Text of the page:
The government says the law is a response to the research into academic freedom in 2021. As researchers, we ask ourselves: what is the scientific value of the claims arising from these results? Of the 33,000 members of the post-secondary sector who received the survey, only 1,079 responded – about 3% of the total number of professors in the province⁠1. The sample size alone raises the question of the statistical weight of the survey. In addition, the low response rate may be explained by the lack of ethics and ambiguity arising from the questions formulated in the survey, and indicates the possibility that only people with strong opinions on the issue chose to “opt up.” answer’. By relying on these results to propose Bill 32, the government suffers from the so-called confirmation bias in research, which results in using data that confirms biases rather than trying to obtain results that provide an accurate picture of what is going on. happens in the province.

Since the government survey did not respond to actual cases of academic censorship in Quebec, but rather to public debate about events at the University of Ottawa, we find no tangible evidence that academic freedom is really under threat in the province.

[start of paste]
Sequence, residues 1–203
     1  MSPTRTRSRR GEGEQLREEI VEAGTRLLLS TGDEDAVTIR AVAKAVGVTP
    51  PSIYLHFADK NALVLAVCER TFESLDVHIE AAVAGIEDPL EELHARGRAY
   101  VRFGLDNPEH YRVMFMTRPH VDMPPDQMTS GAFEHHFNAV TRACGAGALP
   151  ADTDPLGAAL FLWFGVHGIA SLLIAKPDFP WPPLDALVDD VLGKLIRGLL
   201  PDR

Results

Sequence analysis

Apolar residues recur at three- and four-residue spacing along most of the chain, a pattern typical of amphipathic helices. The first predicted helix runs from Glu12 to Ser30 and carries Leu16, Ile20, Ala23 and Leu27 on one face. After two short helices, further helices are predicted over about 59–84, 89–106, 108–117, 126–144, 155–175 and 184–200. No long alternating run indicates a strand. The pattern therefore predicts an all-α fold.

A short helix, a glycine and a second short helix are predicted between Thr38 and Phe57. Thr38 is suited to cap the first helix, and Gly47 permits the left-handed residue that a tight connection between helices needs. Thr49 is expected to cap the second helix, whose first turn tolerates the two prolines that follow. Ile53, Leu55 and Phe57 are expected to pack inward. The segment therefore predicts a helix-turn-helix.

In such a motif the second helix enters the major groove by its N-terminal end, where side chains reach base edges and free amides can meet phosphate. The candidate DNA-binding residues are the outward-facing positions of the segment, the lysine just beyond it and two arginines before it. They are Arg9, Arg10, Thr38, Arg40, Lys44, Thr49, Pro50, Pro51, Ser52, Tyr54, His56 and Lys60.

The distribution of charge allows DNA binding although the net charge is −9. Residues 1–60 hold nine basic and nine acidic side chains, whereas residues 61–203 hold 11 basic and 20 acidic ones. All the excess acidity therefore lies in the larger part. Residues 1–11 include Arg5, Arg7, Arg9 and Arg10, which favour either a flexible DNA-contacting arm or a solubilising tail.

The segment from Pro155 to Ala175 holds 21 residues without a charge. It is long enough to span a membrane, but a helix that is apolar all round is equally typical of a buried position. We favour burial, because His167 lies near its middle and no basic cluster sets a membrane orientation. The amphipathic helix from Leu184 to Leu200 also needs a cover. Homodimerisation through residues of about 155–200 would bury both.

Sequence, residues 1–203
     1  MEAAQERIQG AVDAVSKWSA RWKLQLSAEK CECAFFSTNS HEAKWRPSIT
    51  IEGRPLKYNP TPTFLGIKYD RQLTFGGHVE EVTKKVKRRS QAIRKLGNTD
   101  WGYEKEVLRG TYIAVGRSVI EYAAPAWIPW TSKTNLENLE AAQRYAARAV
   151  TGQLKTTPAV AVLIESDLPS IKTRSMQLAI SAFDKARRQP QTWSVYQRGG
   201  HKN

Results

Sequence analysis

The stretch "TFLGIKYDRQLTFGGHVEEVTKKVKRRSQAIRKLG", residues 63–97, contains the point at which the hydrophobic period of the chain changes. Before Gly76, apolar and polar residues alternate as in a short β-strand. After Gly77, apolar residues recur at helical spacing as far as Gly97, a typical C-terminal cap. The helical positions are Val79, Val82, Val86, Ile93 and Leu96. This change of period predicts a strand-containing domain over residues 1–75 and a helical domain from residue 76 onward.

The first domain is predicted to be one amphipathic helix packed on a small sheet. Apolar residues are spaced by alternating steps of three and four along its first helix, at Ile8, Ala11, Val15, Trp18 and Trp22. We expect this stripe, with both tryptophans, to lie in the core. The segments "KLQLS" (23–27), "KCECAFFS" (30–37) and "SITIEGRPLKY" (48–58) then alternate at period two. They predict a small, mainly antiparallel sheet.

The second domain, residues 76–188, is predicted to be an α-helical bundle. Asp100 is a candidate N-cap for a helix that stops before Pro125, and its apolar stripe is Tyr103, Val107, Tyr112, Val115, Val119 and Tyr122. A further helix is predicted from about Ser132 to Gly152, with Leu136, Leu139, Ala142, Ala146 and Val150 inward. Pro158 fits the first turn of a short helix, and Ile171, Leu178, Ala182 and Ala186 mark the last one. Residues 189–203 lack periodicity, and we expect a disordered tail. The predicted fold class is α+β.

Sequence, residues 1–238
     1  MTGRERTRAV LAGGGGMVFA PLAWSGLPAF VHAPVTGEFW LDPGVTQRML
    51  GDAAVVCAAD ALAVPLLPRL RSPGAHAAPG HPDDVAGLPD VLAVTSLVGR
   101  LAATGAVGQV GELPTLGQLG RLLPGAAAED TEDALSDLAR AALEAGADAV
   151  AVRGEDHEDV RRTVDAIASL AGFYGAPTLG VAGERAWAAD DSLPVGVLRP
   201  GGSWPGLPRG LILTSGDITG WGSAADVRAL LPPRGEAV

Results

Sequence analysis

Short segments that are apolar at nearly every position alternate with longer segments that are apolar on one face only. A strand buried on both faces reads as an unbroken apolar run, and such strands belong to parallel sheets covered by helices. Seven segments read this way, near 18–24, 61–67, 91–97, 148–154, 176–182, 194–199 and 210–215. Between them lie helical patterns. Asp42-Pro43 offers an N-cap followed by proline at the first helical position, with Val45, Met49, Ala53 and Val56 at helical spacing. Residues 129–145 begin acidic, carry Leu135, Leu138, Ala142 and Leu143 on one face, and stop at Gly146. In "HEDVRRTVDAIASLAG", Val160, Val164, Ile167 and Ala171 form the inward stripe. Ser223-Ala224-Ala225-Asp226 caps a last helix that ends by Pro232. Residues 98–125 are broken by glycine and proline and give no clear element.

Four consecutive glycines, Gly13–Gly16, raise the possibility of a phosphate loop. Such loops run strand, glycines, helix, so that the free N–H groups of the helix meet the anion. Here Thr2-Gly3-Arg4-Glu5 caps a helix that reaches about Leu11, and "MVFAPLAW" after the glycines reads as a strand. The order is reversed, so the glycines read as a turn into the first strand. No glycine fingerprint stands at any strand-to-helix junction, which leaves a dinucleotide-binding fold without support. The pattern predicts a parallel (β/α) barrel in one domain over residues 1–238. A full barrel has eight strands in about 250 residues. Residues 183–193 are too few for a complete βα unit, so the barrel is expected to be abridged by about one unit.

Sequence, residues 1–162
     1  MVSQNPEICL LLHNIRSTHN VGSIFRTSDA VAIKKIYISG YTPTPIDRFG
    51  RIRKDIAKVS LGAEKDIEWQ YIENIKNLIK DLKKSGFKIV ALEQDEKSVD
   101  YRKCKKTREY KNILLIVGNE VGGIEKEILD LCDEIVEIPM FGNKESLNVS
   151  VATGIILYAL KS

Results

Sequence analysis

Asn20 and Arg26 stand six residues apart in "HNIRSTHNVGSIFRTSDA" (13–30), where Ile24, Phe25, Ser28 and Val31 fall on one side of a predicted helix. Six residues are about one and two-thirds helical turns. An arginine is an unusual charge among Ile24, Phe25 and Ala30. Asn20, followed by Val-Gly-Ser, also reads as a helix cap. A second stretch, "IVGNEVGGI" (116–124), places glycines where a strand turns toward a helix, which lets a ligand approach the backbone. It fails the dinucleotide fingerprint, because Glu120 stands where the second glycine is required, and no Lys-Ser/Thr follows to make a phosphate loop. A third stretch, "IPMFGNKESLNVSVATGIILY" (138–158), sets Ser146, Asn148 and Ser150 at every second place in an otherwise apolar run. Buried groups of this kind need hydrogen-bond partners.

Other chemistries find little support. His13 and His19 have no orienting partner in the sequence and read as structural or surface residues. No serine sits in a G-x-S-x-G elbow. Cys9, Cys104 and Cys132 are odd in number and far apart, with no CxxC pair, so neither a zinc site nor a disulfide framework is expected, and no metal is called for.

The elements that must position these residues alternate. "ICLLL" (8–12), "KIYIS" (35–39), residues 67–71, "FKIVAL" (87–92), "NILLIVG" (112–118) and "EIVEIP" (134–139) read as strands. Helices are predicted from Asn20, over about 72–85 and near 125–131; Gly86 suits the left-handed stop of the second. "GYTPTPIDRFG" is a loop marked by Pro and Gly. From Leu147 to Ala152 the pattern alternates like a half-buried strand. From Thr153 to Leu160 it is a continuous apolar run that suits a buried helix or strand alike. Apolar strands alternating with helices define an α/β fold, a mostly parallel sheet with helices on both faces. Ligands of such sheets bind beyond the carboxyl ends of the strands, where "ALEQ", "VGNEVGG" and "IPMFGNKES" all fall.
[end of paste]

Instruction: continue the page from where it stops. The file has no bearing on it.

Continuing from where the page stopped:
The bill contains one formal ban; it is prohibited to enforce warnings when potentially offensive content or language is used in the classroom or in university activities. We recognize that a requirement to use content warnings would violate the autonomy that protects academic freedom. That said, there is simply no evidence that Quebec universities are considering imposing such a practice. The decision of whether, how and when students should emotionally prepare for potentially dehumanizing or violent content is already protected by academic freedom. Each teacher is and should be free to determine if and when such disclaimers are appropriate – often in consultation with students.

By specifically targeting the practice of content warnings, this bill seems to show that the government disapproves of this practice, pointing to worrisome potential consequences.

So we see one possible motivation behind this bill: to give the government more power to intervene in the functioning of universities, and to empower students and teachers to punish each other under the pretense of opening up discussion and debate on politically controversial issues. Academic freedom protects us from censorship, and this bill introduces new mechanisms that are far more dangerous than the current ones. We can only ask: Does the real threat to academic freedom actually come from Bill 32?

About the Authors
Martine DelvauxProfessor, UQAM;
Francis Dupuis-Derictenured professor at the University of Quebec in Montreal/Tiohtià: ke (UQAM);
Jean-Sebastien Falluassociate professor at the University of Montreal;
Catherine Flynnassociate professor at the University of Quebec at Chicoutimi;
Sarah Gabrielassistant professor at Concordia University;
Catherine Larochelleassistant professor, University of Montreal;
Robert LekeyProfessor, Faculty of Law, McGill University;
Genevieve Renard Painterassistant professor at Concordia University;
Judith Sribnaicassistant professor at the University of Montreal

View the full list of signatories. This text first appeared in La Presse.